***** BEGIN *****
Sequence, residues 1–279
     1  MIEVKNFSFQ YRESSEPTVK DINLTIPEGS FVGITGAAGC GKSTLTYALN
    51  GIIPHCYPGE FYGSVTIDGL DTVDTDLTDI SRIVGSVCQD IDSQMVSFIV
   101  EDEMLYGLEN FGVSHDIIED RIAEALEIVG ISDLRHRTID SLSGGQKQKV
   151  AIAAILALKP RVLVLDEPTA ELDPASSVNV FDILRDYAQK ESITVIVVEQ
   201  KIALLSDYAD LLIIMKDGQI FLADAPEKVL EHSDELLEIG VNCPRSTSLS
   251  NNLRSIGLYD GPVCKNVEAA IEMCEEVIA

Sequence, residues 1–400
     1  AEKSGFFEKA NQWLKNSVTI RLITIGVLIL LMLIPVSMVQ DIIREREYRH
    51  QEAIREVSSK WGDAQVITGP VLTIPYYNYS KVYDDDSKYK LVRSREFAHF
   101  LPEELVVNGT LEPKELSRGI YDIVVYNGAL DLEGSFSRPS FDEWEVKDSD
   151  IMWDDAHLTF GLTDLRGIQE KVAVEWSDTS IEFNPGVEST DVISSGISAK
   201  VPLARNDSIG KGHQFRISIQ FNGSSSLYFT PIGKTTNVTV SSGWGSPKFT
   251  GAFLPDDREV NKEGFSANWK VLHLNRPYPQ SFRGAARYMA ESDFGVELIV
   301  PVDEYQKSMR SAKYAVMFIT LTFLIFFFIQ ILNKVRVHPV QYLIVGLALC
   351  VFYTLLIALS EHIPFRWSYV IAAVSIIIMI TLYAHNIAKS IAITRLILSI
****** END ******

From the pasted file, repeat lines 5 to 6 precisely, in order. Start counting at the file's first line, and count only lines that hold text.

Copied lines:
   151  AIAAILALKP RVLVLDEPTA ELDPASSVNV FDILRDYAQK ESITVIVVEQ
   201  KIALLSDYAD LLIIMKDGQI FLADAPEKVL EHSDELLEIG VNCPRSTSLS